Journal of Materials Science

, Volume 51, Issue 20, pp 9424–9439 | Cite as

Effect of W on tempering behaviour of a 3 %Co modified P92 steel

  • A. Fedoseeva
  • N. Dudova
  • U. Glatzel
  • R. Kaibyshev
Original Paper


The tempering behaviour of two 9Cr–3Co–0.5Mo–0.2 V–0.05Nb–0.005B steels containing 2 and 3 wt% W was examined. The decomposition of retained austenite induces the formation of semi-continuous films of W-rich M23C6 carbides along boundaries at 525 °C. The increase in W content from 2 to 3 wt% modifies the normal carbide precipitation sequence in the vicinity of these boundaries. The formation of W segregation at prior austenite grain/interlath boundaries leads to formation of the thermodynamically metastable W-rich M6C carbides. Finally, these M6C carbides transform to a stable Laves phase. Two-phase separation of MX carbonitrides into Nb-rich and V-rich dispersoids appears in both steels after tempering at 750 °C. This separation is thermodynamically metastable and attributed to the precipitation of Nb-rich MX carbonitrides with a round shape on dislocations at T ≤ 450 °C and V-rich MX carbonitrides within ferritic matrix at 750 °C. Moreover, in the steel with 2 %W, the additional separation of V-rich MX carbonitrides into W-rich particles located in the vicinity of the prior austenite grain/lath boundaries and W-free ones located within the interiors of laths was observed.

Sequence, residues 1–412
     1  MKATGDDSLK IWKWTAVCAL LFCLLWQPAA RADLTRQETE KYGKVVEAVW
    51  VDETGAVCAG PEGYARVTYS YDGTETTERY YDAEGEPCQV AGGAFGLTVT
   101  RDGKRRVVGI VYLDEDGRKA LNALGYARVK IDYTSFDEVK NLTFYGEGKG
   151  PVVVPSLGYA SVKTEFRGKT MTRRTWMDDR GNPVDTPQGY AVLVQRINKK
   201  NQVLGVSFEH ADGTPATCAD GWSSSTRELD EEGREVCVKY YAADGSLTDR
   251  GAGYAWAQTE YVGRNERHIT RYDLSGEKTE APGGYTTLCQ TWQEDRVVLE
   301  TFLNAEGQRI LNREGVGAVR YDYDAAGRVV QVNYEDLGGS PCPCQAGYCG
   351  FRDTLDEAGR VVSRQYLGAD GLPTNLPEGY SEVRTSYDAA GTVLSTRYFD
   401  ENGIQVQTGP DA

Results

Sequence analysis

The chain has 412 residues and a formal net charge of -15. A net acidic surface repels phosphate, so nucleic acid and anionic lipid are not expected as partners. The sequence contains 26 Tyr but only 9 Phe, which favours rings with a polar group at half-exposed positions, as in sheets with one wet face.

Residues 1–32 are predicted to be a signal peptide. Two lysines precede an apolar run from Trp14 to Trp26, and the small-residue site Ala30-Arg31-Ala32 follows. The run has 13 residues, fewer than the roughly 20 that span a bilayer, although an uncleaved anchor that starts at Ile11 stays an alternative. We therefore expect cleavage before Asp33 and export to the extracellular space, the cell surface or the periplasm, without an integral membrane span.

Austenite Cementite Lave Phase Prior Austenite Precipitation Sequence 
These keywords were added by machine and not by the authors. This process is experimental and the keywords may be updated as the learning algorithm improves.



The authors acknowledge with gratitude the financial support received through the Russian Science Foundation, under Grant No. 14-29-00173 (N. D. and R. K., Belgorod State University) and A. F. greatly acknowledges the support by DAAD (Deutscher Akademischer Austausch Dienst) under Project No. A/12/86596 in the part of microstructural investigations by TEM. The authors are grateful to the staff of the Joint Research Center, Belgorod State University, for their assistance with instrumental analysis.